Last month we had a story about hills growing into mountains and now we blog about the opposite situation…Recent press stories about what *might* happen if rising sea levels lead to a change in the datum value used for mean sea level on OS maps, has seen some people thinking that the heights of hills and mountains might be about to shrink. They are not!
We have to measure height in Britain against a commonly agreed datum level and ‘mean sea level’ is a common value chosen in many countries. It becomes the ‘zero height’ which all other heights are measured from. As land-based creatures, it’s natural for us to think of the sea as being zero height and anything above it as being ‘high’, and consequently anything below it as having a ‘depth’. So, it’s very common to see heights of hills and mountains quoted as being ‘above mean sea level’.
What exactly is mean sea level?
The level of the sea rises and falls all the time due to the tide which has daily, seasonal and yearly (or longer) cycles, and also due to weather patterns. Tidal levels are measured with a Tide Gauge which is, in its simplest form, a tube lowered into the sea that has a counter balanced float inside. The float is connected to a recorder (think of something like the pen and moving graph of a seismograph for earthquake monitoring) that records the changing height of the water against a fixed ‘benchmark’ point on land. Over a long period of time (multiple years) the average of all the tidal heights gives mean sea level (MSL) relative to the benchmark.
The MSL heights of other benchmarks can be observed relative to the original next to the tide gauge. In this way a network of benchmarks can be spread across the country leaving behind a reference point to height above MSL. These benchmarks can be used as reference points in surveys to height features such as roads and buildings, relative to MSL. Heights of hills and the contours are usually surveyed from aerial photographs that are themselves referenced to MSL, by taking measurements on the photo to well defined points that have an MSL height. As mentioned in last month’s article on a growing hill the modern method of surveying an MSL height is not to make observations to benchmarks, but instead to use GPS.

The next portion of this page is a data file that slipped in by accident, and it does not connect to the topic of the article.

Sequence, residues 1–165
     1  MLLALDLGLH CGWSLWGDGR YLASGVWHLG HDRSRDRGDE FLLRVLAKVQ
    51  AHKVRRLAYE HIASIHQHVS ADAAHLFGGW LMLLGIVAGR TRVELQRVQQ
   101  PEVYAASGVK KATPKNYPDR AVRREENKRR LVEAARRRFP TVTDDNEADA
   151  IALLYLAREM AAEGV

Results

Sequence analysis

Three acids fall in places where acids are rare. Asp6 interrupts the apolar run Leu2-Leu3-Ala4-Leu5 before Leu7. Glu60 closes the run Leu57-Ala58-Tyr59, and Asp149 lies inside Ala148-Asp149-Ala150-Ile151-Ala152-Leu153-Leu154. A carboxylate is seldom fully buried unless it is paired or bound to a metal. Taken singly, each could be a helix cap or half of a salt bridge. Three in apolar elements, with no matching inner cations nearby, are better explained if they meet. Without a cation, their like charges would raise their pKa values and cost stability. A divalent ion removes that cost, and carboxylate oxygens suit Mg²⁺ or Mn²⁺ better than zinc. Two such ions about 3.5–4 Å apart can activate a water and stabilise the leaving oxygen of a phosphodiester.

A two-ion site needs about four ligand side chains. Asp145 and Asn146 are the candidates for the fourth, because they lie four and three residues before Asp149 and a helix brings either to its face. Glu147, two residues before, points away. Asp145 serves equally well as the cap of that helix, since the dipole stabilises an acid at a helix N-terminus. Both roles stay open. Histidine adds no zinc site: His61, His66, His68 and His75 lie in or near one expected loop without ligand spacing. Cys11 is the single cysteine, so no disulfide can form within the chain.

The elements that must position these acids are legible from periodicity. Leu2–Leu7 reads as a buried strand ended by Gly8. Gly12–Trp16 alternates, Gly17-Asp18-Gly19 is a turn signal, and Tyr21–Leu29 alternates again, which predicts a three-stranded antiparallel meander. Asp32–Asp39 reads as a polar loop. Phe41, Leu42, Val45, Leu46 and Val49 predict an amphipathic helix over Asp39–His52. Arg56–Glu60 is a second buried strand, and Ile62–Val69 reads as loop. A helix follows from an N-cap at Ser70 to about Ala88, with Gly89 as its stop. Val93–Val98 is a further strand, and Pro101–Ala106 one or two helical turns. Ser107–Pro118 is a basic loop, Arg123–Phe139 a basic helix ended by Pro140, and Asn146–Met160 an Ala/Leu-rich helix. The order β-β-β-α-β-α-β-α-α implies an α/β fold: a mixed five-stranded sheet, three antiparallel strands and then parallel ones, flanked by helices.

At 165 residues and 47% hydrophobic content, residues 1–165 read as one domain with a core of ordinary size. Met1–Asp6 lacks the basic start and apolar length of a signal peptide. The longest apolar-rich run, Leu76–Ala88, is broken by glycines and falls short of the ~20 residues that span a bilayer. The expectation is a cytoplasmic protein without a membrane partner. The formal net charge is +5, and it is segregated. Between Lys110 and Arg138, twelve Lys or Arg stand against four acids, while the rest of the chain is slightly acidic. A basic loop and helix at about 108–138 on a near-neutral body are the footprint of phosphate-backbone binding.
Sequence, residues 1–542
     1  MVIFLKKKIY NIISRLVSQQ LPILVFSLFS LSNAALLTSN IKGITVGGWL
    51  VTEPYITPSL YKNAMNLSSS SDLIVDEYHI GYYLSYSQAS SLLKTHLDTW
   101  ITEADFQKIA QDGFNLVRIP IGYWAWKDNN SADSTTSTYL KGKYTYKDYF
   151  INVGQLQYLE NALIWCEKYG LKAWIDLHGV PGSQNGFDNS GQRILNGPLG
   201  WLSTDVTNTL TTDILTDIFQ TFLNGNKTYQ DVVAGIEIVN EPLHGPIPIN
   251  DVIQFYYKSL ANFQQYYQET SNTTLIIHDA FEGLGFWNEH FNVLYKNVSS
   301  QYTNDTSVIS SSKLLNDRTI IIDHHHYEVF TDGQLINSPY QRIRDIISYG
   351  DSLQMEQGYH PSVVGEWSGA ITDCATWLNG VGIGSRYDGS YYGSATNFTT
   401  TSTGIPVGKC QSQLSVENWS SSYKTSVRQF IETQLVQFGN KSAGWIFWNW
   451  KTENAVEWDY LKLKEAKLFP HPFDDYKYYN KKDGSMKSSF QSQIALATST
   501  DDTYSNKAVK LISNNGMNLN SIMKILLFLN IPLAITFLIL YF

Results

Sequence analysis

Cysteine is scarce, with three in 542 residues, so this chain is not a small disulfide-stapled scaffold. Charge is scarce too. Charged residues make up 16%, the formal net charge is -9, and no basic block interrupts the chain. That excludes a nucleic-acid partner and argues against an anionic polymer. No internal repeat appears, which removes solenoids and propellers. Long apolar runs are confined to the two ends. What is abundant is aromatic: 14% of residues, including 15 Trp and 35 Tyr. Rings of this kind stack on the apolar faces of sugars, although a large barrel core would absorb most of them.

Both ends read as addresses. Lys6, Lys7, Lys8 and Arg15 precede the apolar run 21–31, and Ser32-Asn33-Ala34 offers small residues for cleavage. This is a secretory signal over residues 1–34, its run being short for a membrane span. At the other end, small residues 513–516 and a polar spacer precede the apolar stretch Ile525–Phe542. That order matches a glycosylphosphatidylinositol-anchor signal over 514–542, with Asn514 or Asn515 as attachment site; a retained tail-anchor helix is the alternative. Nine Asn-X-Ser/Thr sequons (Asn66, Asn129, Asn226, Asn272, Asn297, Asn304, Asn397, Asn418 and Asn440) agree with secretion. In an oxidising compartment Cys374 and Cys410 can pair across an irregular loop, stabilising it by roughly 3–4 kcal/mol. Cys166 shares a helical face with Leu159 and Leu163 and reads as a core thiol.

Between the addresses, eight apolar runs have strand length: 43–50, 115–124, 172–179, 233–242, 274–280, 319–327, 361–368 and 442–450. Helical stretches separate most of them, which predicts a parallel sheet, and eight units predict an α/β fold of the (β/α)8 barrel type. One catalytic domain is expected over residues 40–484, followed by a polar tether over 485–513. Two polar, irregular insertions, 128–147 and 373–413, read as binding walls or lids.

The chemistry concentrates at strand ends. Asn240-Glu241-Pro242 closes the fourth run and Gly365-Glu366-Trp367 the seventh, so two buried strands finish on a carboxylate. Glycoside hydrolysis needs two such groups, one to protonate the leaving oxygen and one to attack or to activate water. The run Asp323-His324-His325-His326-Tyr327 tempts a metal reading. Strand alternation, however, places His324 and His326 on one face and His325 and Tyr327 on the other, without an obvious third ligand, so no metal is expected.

On mainland Great Britain, MSL is defined at Newlyn in Cornwall where tidal observations between 1915 and 1921 were used to compute the MSL datum. This datum is often referred to as ODN, ‘Ordnance Datum Newlyn’. The larger islands, such as Isles of Scilly, Isle of Man, Outer Hebrides, Orkney and Shetland have their own MSL-based datums that are close to, but slightly different from, ODN due to them being observed at different times and for different periods.
So what might cause mountain and hill heights to shrink?
It is well known that sea level has risen and, for example, current mean sea level in Great Britain, according to Admiralty Tide Tables, is approximately 0.2m above the value adopted for ODN. In August we blogged about Australia ‘moving’ to keep its coordinate system in alignment to that used by GPS and said that something similar would eventually happen in Europe when the European and GPS coordinate systems got too far apart.
For MSL heights, the same principle applies. In theory, if the difference between MSL and ODN became too large then a new value for ODN would have to be considered. A rise in ODN would mean that all heights relative to it would go down so, for example, poor old Calf Top which only recently became a mountain would go back to being a hill. However, the current difference between MSL and ODN is nowhere near large enough to warrant revaluing ODN and, at a current rate of change of approximately 0.2m per century, it’s going to be a long time before a re-valuation will be considered. So the marginal mountains of Britain are safe for quite some time yet.